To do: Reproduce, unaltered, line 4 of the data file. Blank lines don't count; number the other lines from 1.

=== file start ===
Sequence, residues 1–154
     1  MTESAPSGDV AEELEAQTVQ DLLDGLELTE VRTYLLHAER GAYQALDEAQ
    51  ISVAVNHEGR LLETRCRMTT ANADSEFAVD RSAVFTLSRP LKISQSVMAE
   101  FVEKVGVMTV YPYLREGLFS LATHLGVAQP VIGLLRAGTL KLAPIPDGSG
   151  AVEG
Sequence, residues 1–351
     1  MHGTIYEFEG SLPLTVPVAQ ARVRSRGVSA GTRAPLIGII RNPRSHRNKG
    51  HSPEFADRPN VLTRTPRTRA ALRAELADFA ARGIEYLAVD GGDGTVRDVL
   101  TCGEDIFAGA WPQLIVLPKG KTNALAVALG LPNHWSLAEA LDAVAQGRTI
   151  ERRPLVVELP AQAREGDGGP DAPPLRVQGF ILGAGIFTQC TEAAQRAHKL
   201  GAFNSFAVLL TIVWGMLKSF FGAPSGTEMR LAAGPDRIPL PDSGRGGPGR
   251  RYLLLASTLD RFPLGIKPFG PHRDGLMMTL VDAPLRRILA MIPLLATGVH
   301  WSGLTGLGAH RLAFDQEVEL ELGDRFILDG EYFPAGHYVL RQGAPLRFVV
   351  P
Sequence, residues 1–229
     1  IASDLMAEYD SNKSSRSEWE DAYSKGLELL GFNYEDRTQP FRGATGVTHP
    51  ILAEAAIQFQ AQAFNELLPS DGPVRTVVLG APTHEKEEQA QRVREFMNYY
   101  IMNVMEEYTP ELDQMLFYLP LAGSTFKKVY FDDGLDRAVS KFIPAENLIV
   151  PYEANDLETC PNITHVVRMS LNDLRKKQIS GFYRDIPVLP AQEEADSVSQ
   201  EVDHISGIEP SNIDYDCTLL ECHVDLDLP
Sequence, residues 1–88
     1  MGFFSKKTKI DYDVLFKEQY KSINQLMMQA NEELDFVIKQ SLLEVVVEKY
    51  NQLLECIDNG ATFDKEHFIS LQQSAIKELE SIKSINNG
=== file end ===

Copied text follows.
   101  FVEKVGVMTV YPYLREGLFS LATHLGVAQP VIGLLRAGTL KLAPIPDGSG